Photographer Martin Knowles pays tribute to View-Master
By Ken MacIntyre
(January 30, 2024) – For architectural photographer Martin Knowles, there’s nothing quite like viewing a photograph through the nostalgic lens of a View-Master.
Based in the Pacific Northwest, Knowles, 45, is an accomplished photographer who, over the course of his 16 year career, has photographed award-winning commercial and residential buildings and documented annual modernist home tours for both the Vancouver Heritage Foundation and the West Vancouver Art Museum.
Capturing the mid-century’s built environment is one of Knowles’ passions, so when the opportunity arose to recreate View-Master’s unique stereoscopic 3D photographs for his own images, he leveraged a lifetime of experience to bring the project to life.
“I got into photography seriously back in grade eight,” Knowles recounts. “I fell in love with the process. This was film days, so we were working in the darkroom and had the whole magic of seeing images come up from nowhere.”
“Later, I was looking intently at the work of Norman McGrath, Julius Shulman, Ezra Stoller and the like, when I learned that architectural photography was something that people did.”
The integration of indoor and outdoor spaces characteristic of these photographers resonated with Knowles and helped shape his own artistic vision, however, his love of photography may have been ingrained from an even earlier age.
“My parents have the first photo I ever took, at age seven,” Knowles says, proudly noting, “It was of the front of the house. The verticals are vertical, standard hallmarks of an architectural photographer.”
“As with all architectural photography, you can’t overstate the importance of being careful and deliberate about your angles and perspective choices.”
Knowles’ work stands as a testament to the precision reminiscent of his early influences yet it’s his recent homage to the classic View-Master stereoscopic 3D photographs — originally unveiled at the 1939 New York World’s Fair — that sets him apart from his contemporaries.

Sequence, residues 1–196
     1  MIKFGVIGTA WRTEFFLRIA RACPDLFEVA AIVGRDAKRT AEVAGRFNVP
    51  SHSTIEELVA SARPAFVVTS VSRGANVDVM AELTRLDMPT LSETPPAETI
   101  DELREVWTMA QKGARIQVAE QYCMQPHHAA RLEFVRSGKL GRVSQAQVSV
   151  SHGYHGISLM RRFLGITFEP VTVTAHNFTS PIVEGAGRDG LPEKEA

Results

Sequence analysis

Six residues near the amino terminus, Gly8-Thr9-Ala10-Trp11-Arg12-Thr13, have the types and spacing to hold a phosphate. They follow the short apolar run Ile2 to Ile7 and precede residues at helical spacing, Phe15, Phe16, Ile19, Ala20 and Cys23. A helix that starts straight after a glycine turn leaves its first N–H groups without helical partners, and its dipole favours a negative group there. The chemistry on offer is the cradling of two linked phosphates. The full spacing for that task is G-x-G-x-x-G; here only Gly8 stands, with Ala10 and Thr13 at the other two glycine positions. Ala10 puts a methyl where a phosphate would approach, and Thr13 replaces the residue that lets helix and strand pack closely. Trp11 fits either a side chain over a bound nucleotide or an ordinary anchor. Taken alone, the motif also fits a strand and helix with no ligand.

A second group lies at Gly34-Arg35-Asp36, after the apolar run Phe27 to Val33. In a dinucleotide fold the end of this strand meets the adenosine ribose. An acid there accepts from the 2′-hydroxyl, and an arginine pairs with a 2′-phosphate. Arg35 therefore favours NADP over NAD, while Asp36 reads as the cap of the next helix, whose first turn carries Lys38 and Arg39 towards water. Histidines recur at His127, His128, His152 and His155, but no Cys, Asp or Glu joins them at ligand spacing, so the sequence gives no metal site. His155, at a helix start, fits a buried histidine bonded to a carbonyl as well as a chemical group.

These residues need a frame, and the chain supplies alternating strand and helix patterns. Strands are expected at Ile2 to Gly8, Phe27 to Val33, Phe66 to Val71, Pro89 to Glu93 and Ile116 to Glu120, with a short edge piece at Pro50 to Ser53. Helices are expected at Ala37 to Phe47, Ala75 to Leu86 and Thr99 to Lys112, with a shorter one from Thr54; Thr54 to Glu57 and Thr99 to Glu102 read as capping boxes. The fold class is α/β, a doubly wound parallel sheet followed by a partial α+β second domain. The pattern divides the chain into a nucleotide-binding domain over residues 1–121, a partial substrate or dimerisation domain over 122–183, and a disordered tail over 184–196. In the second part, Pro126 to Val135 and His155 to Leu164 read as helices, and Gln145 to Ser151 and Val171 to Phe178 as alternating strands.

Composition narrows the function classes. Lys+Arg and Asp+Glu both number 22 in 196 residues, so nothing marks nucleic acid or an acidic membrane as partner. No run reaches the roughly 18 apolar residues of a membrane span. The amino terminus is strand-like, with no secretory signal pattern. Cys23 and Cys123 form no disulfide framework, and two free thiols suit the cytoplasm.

The inspiration for the project came during a visit to his grandmother’s house in Idyllwild, California, where he stumbled upon a box of View-Master reels from his mother’s childhood. At that time the 3D images typically produced were like scenic postcards.
“I started looking at them, and having been on a lot of house tours, I started thinking ‘what happens if we use this for architecture?’” Knowles explains. “The synergy between the seven 3D images on a View-Master reel and the typical series format of architectural media was a natural fit.”
Nearby Palm Springs was fertile ground for Knowles as he set about photographing buildings and residences designed by noted modernists such as William Krisel and Donald Wexler. Creating the 3D effect proved to be a meticulous process, though.
“Just like with stereo sound where you have two speakers, one for each ear, all 3D processes give you a slightly different image for your left and right eyes.” Knowles explains, “this requires capturing two images photographed at least 63mm apart.”
Knowles’ setup involved a single camera on a nodal slide and a tripod, a departure from the original View-Master process that utilized two film cameras on a special mount. The real challenges, though, unfolded during post-production.
“You’re dealing with two images all the time,” Knowles explains, “and you have to edit and retouch them at the same time, in approximately, but not exactly, the same way because the perspectives are subtly different.”
Despite these complexities, the fruits of Knowles’ labor paid off and are evident in the immersive 3D experience his own View-Modernism stereoscopic viewer and reels provide; an assortment of eye-popping images featuring modernist design from in and around Palm Springs.
While this project has been a source of great personal and professional satisfaction, it’s also allowed Knowles to bring attention to the ongoing plight of mid-century architecture. As more and more mid-century buildings face the risk of demolition and redevelopment, Knowles urges photographers to seize the opportunity to learn from and document these treasures while they still stand.
“Delve into the stories embedded in these structures and connect with owners about the history of the buildings,” Knowles enthuses.
“Despite their apparent visual simplicity, mid-century modern buildings are often ‘deep’ in the stories they’ve borne witness to and the ideas they were trying to embody.”
Knowles’ View-Modernism stereoscopic viewer and Palm Springs reels are available for purchase online at Destination PSP. To commission your own View-Modernism reel, contact Martin Knowles at mkphotomedia.com